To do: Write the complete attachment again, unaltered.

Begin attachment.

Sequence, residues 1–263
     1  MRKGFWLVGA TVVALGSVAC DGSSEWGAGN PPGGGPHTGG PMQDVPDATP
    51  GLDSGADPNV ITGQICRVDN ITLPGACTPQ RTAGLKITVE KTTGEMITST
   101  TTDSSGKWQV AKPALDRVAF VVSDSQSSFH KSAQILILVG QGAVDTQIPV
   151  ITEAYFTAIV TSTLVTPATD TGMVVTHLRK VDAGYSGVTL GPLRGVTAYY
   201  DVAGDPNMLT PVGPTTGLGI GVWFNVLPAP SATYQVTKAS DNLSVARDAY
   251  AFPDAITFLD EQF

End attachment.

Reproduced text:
Sequence, residues 1–263
     1  MRKGFWLVGA TVVALGSVAC DGSSEWGAGN PPGGGPHTGG PMQDVPDATP
    51  GLDSGADPNV ITGQICRVDN ITLPGACTPQ RTAGLKITVE KTTGEMITST
   101  TTDSSGKWQV AKPALDRVAF VVSDSQSSFH KSAQILILVG QGAVDTQIPV
   151  ITEAYFTAIV TSTLVTPATD TGMVVTHLRK VDAGYSGVTL GPLRGVTAYY
   201  DVAGDPNMLT PVGPTTGLGI GVWFNVLPAP SATYQVTKAS DNLSVARDAY
   251  AFPDAITFLD EQF